My publisher Mirador has helped where they can, but they are small company investing in new writing talent without a big infrastructure and marketing budget. So rather like the music industry in the twentieth-first century, it is a very much a do-it-yourself world.

 

Digger: Financial crises, MP scandals, phone tapping scandals - do you think that a lot of the bigger and more long-term issues in this country tend to get overlooked by these 'distractions'? 

Steve: Indeed, the government must be loving this national distraction. That anyone is surprised by the behaviour of our media is more surprising. Given where I have now placed myself in terms of political observation, then this is all material for the future. I wonít give anything away on the new book, but you can assume some of this will be taken to new heights.
I think it is worth noting that writing books is not just about a great idea. Something like phone-hacking sounds like a great idea, but just writing a book about the behaviour of Murdochís Newspapers wouldnít interest me. That is more like journalism or biography. The joy for me is taking the premise and attaching it to another unrelated story or stories and weaving them together and coming up with an original idea. The fact that it happened in real life, means it has been done before, so there is nothing original to write about and itís predictable. The writerís challenge is to turn it all on its head, use it by all means, but donít just rehash old stories.

 

Digger: What are the best things about writing? 

Steve: The best thing is that you can create a whole world on your terms. Forget about fantasy games such as second life, within a story I can create numerous versions of myself and take them on an adventure I could never do. Also I can reap a literary revenge on everyone who ever crossed my path. Working full-time I donít have endless hours to research detailed facts or police procedures, which concerned me when I first set out writing. However I realised that I never question writerís facts or how much is really true. A writer simply has to convince the reader that their premise holds water, either through endless detail or just a clever scenario the reader is able to buy into. A Very English Revolution has little in the way of true facts, it is all completely made up and no research supports it, but readers still felt the story and characters real.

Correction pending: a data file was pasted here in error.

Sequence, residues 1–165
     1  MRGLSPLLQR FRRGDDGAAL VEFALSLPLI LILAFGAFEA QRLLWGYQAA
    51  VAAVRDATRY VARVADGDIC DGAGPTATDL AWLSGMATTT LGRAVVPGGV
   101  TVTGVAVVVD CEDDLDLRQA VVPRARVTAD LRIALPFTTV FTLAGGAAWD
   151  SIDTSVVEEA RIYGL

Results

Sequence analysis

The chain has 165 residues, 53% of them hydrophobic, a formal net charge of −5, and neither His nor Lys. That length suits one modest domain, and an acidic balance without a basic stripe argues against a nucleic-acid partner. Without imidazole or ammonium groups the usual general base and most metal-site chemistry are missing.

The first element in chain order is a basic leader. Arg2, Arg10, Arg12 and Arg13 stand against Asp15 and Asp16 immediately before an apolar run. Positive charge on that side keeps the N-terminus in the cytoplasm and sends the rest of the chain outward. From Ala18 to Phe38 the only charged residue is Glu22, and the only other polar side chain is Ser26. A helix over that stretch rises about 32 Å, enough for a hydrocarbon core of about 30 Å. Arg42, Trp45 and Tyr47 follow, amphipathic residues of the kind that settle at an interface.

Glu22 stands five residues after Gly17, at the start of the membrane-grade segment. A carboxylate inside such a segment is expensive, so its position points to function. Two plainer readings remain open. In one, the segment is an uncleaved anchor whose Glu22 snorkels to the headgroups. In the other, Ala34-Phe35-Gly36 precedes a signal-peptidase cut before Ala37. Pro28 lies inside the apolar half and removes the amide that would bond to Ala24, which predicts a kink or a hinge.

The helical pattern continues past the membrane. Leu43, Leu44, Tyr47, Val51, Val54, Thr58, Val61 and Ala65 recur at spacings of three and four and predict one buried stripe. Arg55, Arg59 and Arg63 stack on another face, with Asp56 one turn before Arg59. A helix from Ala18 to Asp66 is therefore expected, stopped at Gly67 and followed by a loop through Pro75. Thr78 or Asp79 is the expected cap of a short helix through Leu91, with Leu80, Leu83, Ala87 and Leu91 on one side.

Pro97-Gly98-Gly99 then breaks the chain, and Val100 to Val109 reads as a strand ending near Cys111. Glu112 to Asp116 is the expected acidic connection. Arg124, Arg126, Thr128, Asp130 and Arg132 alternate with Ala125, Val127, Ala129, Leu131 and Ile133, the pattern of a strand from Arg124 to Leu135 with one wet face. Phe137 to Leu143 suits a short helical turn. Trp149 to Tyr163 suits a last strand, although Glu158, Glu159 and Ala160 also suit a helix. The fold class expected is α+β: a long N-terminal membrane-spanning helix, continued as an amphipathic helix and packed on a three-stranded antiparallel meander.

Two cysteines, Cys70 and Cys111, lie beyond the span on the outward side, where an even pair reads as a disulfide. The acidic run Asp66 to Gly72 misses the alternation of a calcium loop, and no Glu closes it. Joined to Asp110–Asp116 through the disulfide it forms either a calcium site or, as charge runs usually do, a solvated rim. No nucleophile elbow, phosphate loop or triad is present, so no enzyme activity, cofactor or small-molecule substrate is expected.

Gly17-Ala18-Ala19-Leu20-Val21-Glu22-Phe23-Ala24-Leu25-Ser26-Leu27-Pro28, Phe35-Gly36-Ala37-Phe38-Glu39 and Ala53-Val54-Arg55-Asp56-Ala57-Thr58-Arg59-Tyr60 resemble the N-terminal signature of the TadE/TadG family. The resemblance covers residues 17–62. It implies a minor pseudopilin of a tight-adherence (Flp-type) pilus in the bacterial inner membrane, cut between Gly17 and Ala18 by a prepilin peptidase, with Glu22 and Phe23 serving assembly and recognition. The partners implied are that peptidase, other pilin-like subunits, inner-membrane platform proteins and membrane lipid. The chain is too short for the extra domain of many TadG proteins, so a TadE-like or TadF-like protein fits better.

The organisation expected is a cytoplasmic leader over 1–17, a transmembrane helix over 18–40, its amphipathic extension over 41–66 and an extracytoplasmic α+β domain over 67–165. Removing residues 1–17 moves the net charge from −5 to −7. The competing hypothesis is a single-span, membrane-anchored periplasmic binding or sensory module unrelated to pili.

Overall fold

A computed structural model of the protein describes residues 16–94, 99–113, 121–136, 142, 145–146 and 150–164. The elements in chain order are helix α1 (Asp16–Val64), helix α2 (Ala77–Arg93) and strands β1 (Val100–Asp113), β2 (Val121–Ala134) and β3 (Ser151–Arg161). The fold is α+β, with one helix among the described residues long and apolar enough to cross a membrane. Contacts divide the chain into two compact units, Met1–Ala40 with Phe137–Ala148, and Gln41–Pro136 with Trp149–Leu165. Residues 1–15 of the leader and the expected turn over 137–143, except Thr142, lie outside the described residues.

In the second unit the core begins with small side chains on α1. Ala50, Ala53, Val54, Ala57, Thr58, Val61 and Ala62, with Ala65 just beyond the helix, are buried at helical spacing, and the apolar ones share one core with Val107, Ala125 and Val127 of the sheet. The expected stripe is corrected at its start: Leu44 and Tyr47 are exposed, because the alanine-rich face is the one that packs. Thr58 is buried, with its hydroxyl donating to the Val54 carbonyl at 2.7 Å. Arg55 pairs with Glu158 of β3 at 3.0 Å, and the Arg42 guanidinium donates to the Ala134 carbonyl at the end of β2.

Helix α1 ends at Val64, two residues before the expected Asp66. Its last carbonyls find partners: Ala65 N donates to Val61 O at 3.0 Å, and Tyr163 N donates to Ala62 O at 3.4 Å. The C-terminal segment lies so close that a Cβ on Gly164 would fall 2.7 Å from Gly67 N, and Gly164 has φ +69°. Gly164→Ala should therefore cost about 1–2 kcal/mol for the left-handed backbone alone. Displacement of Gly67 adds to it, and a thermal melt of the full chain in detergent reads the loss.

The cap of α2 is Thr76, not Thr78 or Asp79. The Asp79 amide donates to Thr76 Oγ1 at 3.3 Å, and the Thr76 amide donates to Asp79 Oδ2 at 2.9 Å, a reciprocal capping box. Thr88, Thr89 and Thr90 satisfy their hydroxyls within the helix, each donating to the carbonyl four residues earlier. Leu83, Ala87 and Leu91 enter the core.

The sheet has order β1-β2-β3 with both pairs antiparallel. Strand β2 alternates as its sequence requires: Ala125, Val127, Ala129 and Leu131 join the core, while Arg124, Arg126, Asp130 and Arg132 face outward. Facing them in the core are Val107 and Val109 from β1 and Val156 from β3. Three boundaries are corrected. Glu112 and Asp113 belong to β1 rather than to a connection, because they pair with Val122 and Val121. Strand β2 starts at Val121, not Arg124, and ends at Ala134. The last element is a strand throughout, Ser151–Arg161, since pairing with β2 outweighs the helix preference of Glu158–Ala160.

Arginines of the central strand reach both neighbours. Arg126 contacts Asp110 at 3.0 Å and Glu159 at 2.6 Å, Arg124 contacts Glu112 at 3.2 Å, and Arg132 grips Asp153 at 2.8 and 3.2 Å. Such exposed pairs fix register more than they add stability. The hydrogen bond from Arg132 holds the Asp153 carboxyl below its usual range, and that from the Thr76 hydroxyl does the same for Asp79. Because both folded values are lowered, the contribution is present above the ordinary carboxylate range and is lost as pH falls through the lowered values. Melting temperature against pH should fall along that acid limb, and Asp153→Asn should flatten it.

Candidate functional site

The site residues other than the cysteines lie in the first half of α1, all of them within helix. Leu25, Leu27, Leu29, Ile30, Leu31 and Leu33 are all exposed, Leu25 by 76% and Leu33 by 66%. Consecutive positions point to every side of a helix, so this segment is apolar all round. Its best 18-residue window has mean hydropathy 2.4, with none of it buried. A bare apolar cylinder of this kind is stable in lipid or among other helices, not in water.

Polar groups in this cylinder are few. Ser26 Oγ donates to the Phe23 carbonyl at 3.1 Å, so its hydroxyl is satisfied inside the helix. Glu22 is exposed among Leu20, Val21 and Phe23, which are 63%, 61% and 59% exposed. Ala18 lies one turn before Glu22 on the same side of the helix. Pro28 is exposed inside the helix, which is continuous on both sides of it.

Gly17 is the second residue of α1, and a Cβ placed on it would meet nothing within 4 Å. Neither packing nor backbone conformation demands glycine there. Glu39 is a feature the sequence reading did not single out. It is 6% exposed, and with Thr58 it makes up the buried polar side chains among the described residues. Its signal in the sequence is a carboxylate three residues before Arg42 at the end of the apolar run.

Digger: I understand you're planning further novels? Can you please let us know more?

Steve: I am working on a second book which is an escalation of A Very English Revolution but across a different landscape, plus there is some unfinished business. It wouldnít be interesting to do the same story again, so I have reworked the context and the timescales to create what should be a heart stopping spectacular British thriller. The challenge for me is to write a book that fits the brilliant plan I have on paper. Ideally it will be ready early next year. I have written a number of short stories and run an internet writing group called Writers Cave (www.writerscave.co.uk). Story lines and characters are everywhere. Sadly the only thing I lack is the time to write it down.
 
 
July 2011


 

Steve Norris - A Very English Revolution

 

 A Very English Revolution, by Steve Norris

Steve Norris - A Very English Revolution

Buy at Amazon

 

Steve Norris website